Researchers from the University of Texas Southwestern Medical Center in Dallas have developed and used a cell-based assay incorporating cultured mouse neurons to evaluate the protective effects of five clinically relevant compounds on glutamate-induced apoptosis in Huntington’s disease.
The research is important in the near term for Huntington’s disease research because it provides in vitro characterization of drugs that have thus far primarily been investigated only in Huntington’s mouse models or clinical trials. It also provides additional proof that memantine and riluzole might be promising Huntington’s treatments.
In addition, the scientists hope to parlay their work into a higher-throughput assay suitable for industrial-scale drug discovery, and will likely incorporate high-content screening methods to do so, Ilya Bezprozvanny, an associate professor in Alzheimer's research at UT Southwestern, told CBA News this week. To this end, the team has already formed a loose alliance with Cellomics, Bezprozvanny said.
The research, which appears in the Oct. 30 issue of Neuroscience Letters
, was supported by the HighQ Foundation, a non-profit organization dedicated to Huntington’s disease research.
The HighQ Foundation and sister organization CHDI have the shared mission of “bringing together academia, industry, governmental agencies, and other funding organizations in the search for Huntington disease treatments,” according to the organizations’ website.
While CHDI pursues more of a biotechnology-oriented approach to Huntington’s drug discovery through industrial and academic partnerships, HighQ more often supports research aimed at target identification and validation, the development and use of animal models, drug delivery, and finding disease progression markers.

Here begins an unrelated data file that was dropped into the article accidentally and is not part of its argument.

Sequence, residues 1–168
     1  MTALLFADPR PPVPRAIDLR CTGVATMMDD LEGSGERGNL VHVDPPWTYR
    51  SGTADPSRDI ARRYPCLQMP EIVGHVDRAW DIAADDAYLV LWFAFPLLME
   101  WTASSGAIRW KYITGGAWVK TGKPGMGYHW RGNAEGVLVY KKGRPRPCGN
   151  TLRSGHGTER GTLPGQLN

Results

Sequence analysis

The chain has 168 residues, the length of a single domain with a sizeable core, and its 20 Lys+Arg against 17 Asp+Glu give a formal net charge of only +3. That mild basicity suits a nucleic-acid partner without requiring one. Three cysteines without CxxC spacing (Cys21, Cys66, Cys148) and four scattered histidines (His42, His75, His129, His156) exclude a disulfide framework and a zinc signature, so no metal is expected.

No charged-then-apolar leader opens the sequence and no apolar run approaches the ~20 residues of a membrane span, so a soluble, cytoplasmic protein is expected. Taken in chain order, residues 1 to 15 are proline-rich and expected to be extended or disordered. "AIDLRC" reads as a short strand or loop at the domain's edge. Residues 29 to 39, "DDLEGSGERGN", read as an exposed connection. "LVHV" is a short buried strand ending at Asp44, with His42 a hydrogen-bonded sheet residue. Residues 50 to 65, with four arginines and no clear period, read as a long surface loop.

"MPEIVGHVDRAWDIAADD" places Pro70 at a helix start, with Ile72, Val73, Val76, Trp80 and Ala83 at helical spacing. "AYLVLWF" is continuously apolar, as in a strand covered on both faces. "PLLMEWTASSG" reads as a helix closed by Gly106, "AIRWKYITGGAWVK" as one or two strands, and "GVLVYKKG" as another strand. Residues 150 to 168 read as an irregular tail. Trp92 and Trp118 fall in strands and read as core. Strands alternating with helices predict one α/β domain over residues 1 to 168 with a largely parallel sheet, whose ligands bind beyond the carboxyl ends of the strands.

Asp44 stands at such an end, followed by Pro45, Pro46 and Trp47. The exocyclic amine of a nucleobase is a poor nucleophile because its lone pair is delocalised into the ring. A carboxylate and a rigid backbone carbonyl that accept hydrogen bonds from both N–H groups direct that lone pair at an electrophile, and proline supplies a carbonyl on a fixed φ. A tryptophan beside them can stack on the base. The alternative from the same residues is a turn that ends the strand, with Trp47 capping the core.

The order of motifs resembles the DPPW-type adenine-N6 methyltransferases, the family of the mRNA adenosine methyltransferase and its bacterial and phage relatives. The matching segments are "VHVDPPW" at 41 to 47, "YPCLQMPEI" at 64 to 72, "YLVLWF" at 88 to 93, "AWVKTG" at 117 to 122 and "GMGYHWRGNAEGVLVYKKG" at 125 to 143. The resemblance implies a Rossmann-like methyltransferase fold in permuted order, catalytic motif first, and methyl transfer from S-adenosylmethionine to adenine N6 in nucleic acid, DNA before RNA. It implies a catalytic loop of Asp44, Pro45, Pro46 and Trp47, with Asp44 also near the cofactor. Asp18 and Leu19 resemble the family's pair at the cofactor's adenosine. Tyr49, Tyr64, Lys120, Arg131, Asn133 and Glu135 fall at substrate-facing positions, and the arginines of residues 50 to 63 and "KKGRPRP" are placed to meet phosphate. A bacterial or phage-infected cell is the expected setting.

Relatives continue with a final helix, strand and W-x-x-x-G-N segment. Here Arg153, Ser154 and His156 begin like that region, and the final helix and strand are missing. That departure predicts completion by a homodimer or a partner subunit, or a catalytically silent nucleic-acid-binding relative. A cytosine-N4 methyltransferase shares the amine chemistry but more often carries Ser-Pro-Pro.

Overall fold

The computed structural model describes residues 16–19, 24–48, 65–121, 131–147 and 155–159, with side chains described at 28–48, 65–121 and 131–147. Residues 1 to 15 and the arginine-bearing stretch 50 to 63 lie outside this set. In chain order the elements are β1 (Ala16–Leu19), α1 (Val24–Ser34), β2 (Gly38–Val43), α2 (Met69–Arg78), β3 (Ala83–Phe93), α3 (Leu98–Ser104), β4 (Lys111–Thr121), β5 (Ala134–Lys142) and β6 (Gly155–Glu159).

Both organizations, however, have recently heavily supported the use of cell-based and high-content strategies for Huntington’s research. For example, in August CHDI said that it had chosen Evotec as a strategic partner for its drug-discovery programs, including assay development and high-content screening.
In addition, CHDI has licensed Redistribution assay technology from Fisher’s BioImage unit for use in its drug-discovery efforts; partnered with Cellumen to develop cell-based models for Huntington’s disease; and is supporting Duke University researchers in their efforts to use HCS to identify neurodegenerative disease targets in live rat-tissue explants.
‘Do Something Useful’
Bezprozvanny and colleagues are in the midst of a two-year HighQ Foundation grant, for which there are two goals. First, the scientists wanted to use their cell-based assay, in its present format, “to do something useful” for Huntington’s drug discovery.
“Basically I decided that one of the most useful things we can do, when limited by the number of compounds, is to test compounds that are seriously being considered for clinical trials or are already in clinical trials, and provide people with some kind of quantitative and unbiased information,” Bezprozvanny said.
The scientists chose to work only with drug candidates that target the glutamate pathway in cells, which many believe is implicated in the development of Huntington’s. They specifically chose five glutamate pathway inhibitors – folic acid, gabapentin, lamotrigine, memantine, and riluzole – each of which has been previously evaluated in Huntington’s mouse models or human clinical trials.
Bezprozvanny said that some in vitro information for these drugs as potential Huntington’s treatments exists, but each of the models is very different from one another.